get_size() might supply the block size order and the size in blocks of the RBD device (or a snapshot of the device). I don't remember what the snapshot sequence number is for at the moment, but get_snapseq() might provide that, and would (I think) apply to a device, not a snapshot. get_snapids() would supply all the snapshot id's recorded for a device. This too is a device operation only, not a snapshot operation. Is there a need for this interface *and* the list_snapshots() you specify below?
Together the snapids and the snap_seq form the snapshot context for a rados operation, and are always used together, so if we go for mulitple methods instead of get_info(), a get_snapcontext() that returns both snapids and snap_seq might make more sense. This snapshot context is different from rbd-level snapshot metadata, which is currently just snapshot name and size, but would include other fields like has_parent and features/incompatible_features in the future.
Rather than implicitly appending additional information to the response, I think separate new entry points should be added when features are added, extending the interface. Old code, or new code operating on old-format RBD devices, would not need to access the new entry points.
This is fine as long as we add multi-operation transaction support to the kernel to make accessing all the image metadata needed for I/O atomic. This probably isn't too hard, but what do you think? Theuserspace client side parts were done in fe077832b915175b8ed7880c1fa285309c642563.
/** * Used when resizing the image. Sets the size in bytes. */ set_size(__le64 size)Maybe define the size in units of (order-dependent) blocks.
I don't see any reason to restrict the size to a multiple of the object size.
/** * The same as the existing snap_add/snap_remove methods, but using the * new format. */ snapshot_add(string snap_name, __le64 snap_id)This probably reflects my ignorance, but does it make sense for something "external" to the RBD implementation to specify the snapshot id?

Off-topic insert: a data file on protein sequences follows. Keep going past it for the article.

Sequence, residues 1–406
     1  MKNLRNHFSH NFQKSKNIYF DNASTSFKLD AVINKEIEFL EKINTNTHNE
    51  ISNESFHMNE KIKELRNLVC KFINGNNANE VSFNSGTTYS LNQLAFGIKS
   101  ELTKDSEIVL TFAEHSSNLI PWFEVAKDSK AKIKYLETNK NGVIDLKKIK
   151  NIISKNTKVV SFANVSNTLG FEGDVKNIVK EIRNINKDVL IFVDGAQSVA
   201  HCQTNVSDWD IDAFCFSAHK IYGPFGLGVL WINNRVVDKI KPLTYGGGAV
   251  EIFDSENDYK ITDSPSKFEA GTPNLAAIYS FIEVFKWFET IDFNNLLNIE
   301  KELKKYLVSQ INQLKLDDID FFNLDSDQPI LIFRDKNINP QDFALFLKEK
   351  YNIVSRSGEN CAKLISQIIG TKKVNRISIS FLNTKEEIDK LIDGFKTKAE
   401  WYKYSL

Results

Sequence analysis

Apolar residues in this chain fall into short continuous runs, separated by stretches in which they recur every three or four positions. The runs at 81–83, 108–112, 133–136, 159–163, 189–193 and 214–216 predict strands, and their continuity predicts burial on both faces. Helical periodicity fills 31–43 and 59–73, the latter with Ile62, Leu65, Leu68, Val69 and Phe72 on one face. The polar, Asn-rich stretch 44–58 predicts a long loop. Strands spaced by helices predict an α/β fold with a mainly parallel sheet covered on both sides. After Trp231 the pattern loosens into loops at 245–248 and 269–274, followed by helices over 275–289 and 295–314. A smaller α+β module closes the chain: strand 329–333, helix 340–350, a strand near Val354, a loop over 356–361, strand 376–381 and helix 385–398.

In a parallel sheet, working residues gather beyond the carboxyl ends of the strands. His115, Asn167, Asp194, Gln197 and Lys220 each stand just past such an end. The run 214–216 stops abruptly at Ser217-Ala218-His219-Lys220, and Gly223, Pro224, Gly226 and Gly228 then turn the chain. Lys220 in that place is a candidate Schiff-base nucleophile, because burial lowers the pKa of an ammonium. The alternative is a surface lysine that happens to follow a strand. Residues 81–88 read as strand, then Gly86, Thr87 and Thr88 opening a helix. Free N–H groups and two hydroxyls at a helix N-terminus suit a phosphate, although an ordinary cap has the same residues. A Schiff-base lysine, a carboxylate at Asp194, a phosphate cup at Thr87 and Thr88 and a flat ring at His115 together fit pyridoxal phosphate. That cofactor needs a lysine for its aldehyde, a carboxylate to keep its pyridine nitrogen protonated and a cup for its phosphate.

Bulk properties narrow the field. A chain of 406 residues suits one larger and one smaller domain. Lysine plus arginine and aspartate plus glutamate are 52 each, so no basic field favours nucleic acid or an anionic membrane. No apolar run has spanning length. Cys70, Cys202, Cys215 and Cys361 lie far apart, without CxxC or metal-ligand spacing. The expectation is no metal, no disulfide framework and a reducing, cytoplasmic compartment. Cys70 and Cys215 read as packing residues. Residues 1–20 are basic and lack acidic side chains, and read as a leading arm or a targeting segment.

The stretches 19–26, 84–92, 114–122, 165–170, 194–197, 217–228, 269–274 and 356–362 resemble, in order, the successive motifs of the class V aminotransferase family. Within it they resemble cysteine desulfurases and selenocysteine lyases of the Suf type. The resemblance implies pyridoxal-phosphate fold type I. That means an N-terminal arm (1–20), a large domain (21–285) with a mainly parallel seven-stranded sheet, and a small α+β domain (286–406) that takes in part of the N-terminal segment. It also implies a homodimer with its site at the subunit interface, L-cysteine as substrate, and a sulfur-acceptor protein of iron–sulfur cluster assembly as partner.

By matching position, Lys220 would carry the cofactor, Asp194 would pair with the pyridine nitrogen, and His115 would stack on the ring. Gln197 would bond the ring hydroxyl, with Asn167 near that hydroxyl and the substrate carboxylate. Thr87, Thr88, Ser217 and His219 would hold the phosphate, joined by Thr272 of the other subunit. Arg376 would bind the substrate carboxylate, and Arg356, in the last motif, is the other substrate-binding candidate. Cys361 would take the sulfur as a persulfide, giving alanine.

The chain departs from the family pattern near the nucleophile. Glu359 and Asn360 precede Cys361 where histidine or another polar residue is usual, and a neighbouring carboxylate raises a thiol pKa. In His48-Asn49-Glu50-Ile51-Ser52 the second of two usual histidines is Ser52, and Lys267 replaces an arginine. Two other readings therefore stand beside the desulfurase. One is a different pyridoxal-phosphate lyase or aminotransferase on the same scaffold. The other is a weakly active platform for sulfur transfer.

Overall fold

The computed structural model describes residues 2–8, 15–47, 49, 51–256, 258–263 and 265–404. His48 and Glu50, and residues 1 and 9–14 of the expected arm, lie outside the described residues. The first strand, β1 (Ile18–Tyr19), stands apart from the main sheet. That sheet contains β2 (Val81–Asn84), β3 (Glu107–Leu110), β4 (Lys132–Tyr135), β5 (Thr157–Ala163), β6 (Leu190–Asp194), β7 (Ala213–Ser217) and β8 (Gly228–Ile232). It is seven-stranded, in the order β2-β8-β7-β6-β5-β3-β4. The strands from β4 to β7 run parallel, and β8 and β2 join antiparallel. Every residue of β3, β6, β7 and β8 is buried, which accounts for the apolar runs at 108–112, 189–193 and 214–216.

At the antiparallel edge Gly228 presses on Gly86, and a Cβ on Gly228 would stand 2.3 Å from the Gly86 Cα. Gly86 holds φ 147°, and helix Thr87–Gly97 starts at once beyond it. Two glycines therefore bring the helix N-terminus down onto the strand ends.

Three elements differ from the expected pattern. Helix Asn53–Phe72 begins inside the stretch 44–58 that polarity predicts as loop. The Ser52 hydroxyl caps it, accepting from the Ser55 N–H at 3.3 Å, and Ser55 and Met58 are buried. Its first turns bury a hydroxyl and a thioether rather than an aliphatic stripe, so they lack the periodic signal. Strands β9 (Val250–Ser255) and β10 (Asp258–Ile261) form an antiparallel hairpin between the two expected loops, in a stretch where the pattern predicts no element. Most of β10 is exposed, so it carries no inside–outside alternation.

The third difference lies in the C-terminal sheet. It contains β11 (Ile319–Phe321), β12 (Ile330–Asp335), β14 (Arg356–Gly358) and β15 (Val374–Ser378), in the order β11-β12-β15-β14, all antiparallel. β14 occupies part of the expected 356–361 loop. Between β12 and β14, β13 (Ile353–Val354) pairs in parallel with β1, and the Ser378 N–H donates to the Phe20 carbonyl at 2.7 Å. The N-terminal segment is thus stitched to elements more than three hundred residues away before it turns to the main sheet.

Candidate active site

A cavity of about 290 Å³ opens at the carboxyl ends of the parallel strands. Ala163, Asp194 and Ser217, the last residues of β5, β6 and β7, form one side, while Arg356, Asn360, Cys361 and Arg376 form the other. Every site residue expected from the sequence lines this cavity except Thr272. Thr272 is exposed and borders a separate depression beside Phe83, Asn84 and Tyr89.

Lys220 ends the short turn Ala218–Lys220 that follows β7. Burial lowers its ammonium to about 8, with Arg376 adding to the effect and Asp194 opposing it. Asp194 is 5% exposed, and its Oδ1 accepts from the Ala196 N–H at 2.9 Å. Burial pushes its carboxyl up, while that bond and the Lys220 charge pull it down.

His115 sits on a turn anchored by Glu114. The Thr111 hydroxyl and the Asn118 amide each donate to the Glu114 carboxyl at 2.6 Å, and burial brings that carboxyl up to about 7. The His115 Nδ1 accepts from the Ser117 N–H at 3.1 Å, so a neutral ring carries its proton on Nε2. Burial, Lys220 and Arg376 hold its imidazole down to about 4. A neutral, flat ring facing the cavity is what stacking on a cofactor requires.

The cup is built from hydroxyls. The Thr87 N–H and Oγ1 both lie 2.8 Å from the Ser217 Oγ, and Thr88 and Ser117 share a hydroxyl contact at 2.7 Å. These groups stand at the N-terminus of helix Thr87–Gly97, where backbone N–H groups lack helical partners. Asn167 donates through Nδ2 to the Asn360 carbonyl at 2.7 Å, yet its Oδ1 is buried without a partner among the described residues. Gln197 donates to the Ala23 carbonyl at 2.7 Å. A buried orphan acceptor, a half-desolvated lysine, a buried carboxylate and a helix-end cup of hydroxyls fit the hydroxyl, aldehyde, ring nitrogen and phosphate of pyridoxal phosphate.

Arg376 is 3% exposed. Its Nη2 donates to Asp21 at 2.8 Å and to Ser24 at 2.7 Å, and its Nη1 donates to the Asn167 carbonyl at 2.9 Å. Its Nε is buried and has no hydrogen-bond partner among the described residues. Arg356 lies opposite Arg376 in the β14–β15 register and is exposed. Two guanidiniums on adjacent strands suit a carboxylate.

The snapshot id is allocated by the monitors. Clients create snapshots by getting a new snap id from the monitors, and adding it to the header with the user-specified name.
snapshot_remove(string snap_name)Can you remove by id?
That would be better. It would prevent some unlikely races if someone deletes a snapshot while another client deleted one and created another with the same name.
/** * list snapshots - like the existing snap_list, but * can return a subset of them. * * Returns __le64 snap_seq, __le64 snap_count, and a list of tuples * (snap_id, snap_size) just like the current snap_list */ snapshot_list(__le64 max_len) /** * The same as the existing method. Should only be called * on the rbd_info object. * Returns an id number to use for a new image. */ assign_bid()Why bid? I guess this is on the server side so I'm just not familiar with it.
bid stands for block id, but we could certainly change the name. It's only used when creating a new image, to get a unique id for use in the object names. Josh -- To unsubscribe from this list: send the line "unsubscribe ceph-devel" in the body of a message to majordomo@xxxxxxxxxxxxxxx More majordomo info at http://vger.kernel.org/majordomo-info.html